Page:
Of major interest in the Horvath algorithm are CpG sites with a negative contribution to the epigenetic age, such as frataxin. Frataxin is a nuclear-encoded mitochondrial protein which is part of the Fe-S-cluster-containing proteins acting as an iron chaperone, thereby allowing normal function of the mitochondrial respiratory chain . In our analysis frataxin shows both high inter-personal variability and also partly explains some (~ 8%) of the calculated age difference between epigenetically old and average subjects (Fig. 3A). The fact that higher methylation of frataxin can extend life, as indirectly suggested by its epigenetic age lowering effect is somewhat counterintuitive: defects in the expression of this mitochondrial protein cause the neurodegenerative syndrome of Friedreich's ataxia [37, 38], which is also accompanied by cardiomyopathy, diabetes mellitus, and reduced life expectancy . However, inactivation of many mitochondrial genes in the nematode Caenorhabditis elegans by RNAi was actually shown to extend lifespan . Ventura et al. reported that suppression of the frataxin homolog gene (frh-1) prolonged lifespan in the nematode, along with an altered phenotype of smaller size, diminished fertility, and variant responses to oxidative stress. Thus, whereas sizable inactivation of frataxin causes a disabling disease, a more moderate frataxin suppression, such as achieved by RNAi, could lead to higher lifespan as seen in C. elegans . There is evidence that frataxin silencing induces mitochondrial autophagy as an evolutionarily conserved response to the ensuing iron starvation . In a broader sense, lesser frataxin availability might comprise a surmountable challenge which elicits mitophagy that eventually preconditions the cell's capacity to sustain future stress, thereby increasing the likelihood of extended lifespan.
Our findings of inter-personal variabilities in the epigenetic age components of the healthy population have raised our interest in discovering epigenetic age patterns of individuals with biological age accelerating diseases, such as diabetic patients. Our results did not reflect epigenetic age acceleration for T2D and showed rather the opposite, for T1D subjects which had lower epigenetic age than the average of the healthy population (under the red curve in Fig. 5). Nevertheless, these results are in agreement with earlier publications which have also used chronological age-based epigenetic age calculators, such as Horvath's epigenetic clock [8, 42]. This may indicate that the CpG probes chosen for the construction of such epigenetic age clocks do not reflect variations in DNA methylation leading to epigenetic age drifting in diabetes or its complications. What makes the T1D population “epigenetically younger” according to the aging clock used in this study would be an interesting question for future investigations. Notably, a different epigenetic clock type, the “DNAm GrimAge,” which incorporates DNA methylation sites related to surrogate biomarkers of smoking level and of selected plasma proteins, that are strongly associated with mortality and morbidity, may be a better choice for predicting age acceleration in diabetics [3, 4, 42].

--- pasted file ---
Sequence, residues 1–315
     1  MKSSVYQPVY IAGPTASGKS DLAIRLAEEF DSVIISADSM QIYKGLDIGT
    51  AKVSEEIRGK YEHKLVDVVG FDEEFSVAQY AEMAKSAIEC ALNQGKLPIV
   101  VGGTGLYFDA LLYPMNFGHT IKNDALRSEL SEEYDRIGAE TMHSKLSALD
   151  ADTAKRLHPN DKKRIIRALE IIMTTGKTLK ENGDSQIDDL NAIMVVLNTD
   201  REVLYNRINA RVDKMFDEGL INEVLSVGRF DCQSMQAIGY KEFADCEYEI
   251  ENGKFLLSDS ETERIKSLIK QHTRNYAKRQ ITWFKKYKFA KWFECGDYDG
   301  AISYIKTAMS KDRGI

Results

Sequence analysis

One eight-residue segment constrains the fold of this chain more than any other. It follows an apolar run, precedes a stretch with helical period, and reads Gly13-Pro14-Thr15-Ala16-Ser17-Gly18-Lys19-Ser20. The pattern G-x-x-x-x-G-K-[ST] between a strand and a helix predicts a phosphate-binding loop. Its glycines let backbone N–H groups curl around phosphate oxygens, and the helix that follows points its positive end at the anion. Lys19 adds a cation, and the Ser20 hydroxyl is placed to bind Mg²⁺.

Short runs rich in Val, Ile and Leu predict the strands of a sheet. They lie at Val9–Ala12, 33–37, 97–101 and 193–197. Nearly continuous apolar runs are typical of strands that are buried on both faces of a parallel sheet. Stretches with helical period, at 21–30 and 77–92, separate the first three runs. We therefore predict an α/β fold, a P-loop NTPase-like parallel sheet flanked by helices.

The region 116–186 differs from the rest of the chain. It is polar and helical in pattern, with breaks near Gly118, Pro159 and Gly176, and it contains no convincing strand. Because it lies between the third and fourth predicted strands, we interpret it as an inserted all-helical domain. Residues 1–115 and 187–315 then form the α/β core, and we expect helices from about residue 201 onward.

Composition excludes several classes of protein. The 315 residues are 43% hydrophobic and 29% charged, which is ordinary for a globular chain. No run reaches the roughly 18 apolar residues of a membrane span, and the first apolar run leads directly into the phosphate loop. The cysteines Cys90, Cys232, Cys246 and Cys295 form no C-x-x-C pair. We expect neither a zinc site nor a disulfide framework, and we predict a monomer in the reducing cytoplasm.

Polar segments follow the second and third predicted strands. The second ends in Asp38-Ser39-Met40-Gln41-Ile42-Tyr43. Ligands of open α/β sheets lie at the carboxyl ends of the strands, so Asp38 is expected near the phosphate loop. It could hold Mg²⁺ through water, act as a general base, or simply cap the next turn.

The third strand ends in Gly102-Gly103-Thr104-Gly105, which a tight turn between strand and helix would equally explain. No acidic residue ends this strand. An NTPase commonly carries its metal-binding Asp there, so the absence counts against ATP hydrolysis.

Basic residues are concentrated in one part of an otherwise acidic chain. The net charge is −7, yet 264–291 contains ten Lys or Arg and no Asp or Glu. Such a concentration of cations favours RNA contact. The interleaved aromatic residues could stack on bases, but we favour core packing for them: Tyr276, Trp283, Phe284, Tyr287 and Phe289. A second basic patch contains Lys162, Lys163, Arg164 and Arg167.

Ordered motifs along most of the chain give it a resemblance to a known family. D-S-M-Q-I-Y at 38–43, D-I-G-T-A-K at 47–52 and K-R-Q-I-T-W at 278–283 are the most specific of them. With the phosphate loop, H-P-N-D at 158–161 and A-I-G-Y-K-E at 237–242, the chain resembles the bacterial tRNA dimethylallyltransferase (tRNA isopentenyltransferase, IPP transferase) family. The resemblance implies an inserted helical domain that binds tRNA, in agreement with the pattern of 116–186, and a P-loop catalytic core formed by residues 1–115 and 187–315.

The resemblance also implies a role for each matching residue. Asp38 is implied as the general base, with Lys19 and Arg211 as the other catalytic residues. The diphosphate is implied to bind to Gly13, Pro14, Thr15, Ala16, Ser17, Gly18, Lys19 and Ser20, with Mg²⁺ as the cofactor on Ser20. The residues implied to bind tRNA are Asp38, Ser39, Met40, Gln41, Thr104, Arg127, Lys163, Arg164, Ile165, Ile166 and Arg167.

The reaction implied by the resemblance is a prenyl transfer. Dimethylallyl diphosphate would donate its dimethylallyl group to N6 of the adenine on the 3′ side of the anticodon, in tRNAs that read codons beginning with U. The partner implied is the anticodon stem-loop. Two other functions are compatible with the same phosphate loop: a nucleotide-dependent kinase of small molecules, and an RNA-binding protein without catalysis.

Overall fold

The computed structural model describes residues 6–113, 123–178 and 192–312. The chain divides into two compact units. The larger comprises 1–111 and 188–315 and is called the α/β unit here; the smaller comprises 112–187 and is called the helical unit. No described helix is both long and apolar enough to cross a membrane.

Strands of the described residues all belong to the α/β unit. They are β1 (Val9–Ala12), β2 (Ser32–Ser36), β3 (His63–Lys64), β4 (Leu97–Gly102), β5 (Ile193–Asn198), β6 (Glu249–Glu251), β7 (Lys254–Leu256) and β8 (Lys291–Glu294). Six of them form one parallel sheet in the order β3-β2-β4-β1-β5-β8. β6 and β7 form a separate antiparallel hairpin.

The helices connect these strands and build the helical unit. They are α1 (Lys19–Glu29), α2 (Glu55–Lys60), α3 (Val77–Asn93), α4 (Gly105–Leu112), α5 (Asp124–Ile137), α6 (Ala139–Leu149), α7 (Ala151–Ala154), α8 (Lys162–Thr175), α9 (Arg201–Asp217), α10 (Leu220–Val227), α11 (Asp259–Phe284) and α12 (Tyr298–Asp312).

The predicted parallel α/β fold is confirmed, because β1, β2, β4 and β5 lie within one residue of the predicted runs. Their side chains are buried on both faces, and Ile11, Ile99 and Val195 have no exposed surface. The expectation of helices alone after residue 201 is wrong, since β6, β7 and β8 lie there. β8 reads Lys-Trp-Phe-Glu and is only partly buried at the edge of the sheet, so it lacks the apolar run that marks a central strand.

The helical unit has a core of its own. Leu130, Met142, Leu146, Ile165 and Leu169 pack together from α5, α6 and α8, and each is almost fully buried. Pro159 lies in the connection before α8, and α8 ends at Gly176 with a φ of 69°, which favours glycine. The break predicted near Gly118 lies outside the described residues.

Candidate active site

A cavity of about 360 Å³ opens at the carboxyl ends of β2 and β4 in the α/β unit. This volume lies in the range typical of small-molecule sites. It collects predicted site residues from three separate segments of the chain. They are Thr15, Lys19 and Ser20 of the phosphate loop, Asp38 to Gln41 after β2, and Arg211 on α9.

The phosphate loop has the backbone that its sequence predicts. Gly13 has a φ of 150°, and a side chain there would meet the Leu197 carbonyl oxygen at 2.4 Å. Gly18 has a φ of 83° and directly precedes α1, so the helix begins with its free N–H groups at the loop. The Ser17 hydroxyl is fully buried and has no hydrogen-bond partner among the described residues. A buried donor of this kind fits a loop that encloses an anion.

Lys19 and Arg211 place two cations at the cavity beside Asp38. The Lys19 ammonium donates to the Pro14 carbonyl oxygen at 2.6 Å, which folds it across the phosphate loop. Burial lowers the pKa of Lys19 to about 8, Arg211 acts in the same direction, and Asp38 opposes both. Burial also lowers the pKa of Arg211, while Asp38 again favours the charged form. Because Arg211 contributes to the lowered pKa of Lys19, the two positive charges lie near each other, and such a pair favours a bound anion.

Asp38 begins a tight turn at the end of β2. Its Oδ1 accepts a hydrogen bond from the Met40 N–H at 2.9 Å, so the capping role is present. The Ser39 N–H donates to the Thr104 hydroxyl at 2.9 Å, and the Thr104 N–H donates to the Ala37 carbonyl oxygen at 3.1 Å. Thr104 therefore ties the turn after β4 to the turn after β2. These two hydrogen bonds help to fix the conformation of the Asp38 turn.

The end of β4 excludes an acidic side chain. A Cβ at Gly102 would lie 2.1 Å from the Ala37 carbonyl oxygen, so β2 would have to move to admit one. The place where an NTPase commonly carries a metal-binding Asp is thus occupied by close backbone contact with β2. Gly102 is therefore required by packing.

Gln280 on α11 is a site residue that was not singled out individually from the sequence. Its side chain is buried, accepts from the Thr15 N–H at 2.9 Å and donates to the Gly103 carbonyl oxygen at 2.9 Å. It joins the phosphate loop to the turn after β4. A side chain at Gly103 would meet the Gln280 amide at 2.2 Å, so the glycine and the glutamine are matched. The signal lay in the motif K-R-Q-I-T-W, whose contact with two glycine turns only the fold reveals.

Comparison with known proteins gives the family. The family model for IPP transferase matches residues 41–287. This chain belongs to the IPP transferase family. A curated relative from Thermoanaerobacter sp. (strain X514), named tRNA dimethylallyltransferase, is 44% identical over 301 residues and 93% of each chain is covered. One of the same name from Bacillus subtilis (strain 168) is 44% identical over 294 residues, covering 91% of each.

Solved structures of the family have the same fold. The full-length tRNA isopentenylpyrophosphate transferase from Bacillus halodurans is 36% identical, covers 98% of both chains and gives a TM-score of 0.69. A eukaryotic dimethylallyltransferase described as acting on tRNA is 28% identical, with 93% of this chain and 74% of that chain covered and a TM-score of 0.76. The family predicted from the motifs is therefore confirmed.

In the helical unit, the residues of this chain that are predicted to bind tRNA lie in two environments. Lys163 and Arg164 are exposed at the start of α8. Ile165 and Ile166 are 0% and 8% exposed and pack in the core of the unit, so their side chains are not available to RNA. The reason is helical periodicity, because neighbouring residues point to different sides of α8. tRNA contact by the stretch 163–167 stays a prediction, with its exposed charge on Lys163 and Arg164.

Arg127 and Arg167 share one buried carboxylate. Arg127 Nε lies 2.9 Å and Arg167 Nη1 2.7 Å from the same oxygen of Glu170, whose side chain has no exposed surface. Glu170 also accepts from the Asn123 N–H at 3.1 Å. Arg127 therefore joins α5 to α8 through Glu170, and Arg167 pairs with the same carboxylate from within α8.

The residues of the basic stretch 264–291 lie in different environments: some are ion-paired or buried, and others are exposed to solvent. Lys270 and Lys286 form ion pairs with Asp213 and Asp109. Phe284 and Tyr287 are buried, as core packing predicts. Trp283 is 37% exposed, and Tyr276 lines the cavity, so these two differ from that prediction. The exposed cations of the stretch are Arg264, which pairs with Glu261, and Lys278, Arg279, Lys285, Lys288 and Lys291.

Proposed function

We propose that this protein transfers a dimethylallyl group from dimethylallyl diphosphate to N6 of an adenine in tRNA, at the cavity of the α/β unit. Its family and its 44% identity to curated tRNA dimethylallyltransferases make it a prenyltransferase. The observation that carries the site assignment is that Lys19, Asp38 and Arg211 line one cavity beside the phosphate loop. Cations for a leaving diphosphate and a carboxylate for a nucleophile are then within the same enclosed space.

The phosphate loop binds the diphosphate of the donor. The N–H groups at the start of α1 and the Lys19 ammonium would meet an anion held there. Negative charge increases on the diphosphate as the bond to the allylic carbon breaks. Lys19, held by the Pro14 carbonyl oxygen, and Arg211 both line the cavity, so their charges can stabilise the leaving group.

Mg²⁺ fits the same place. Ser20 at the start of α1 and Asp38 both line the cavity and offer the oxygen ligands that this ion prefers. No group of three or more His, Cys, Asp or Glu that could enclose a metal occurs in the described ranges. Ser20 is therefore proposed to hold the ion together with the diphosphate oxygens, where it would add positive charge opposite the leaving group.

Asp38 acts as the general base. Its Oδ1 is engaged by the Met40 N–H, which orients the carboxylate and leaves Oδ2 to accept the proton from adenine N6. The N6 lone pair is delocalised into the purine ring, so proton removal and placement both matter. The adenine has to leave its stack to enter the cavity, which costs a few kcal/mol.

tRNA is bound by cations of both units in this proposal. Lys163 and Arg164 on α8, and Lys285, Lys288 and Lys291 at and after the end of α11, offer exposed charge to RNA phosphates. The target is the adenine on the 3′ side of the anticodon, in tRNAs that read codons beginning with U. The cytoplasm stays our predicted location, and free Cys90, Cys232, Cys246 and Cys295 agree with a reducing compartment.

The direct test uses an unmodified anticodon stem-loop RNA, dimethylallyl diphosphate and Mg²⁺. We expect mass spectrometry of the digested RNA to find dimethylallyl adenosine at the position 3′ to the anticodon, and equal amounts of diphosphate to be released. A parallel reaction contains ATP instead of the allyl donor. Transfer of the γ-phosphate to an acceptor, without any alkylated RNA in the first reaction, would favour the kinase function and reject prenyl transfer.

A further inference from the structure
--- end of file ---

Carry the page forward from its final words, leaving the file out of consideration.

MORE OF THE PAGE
Of the top five most variable age components that are found solely in the diabetic cohort, PAWR is a tumor suppressor gene, inducing selective apoptosis of cancer cells [43,44,45], and may thus be related to association of aging with higher cancer rates. Another components is related to PIPOX which catalyze the oxidation of L-pipecolate, an intermediate step in the catabolic process of L-lysine to acetyl-CoA, produced in the pipecolate pathway [46, 47]. Elevated levels of lysine were found to be associated with higher risk for the development of T2D and for T2D-concomitant cardiovascular disease (CVD) . In addition, PIPOX promotes sarcosine oxidative N-demethylation, yielding glycine , as part of the sarcosine pathway, which is involved in the methionine cycle [50,51,52,53]. The methionine cycle is responsible for the production of S-adenosylmethionine (SAM), the methyl donor substrate in the process of cytosine DNA methylation by the family of DNA methyl transferase (DNMT) enzymes. Differential levels of PIPOX and sarcosine were observed in several types of cancers [49, 54]. In addition, methionine cycle restriction and regulation of SAM production were shown to extend lifespan in various animal models .
Overall, our analysis reveals sizable inter-personal differences in the contribution to age of methylation sites of several genes. It is also possible that there is a shift in the epigenetic age vectors in diabetes mellitus patients that are not necessarily detected by the computation of the mean epigenetic age per se. In the healthy cohort, genes, such as, but not limited to, secretagogin, malin, and frataxin, stand out in terms of either the size of their effect on inter-personal differences in the composition of the epigenetic age as well as their influence on the likelihood for an individual to acquire enhanced or delayed epigenetic aging. This analysis also unravels that even healthy subjects with average epigenetic aging could show accelerated aging with respect to some genes. In the same venue, epigenetically healthy older subjects are also heterogeneous and could be pushed to unfavorable epigenetic drifting by different aging vectors. Interestingly, malin and secretagogin were also found to be the most variable age components in diabetic subjects. Two additional age components, PIPOX and PAWR, entered the top 5 most variable sites, only in diabetic patients. This paves the way for future attempts to personalize the perception of epigenetic aging by deconvolution, addressing aging not as a general process in search of reversal, but as a collection of individual effects requiring personalized attention.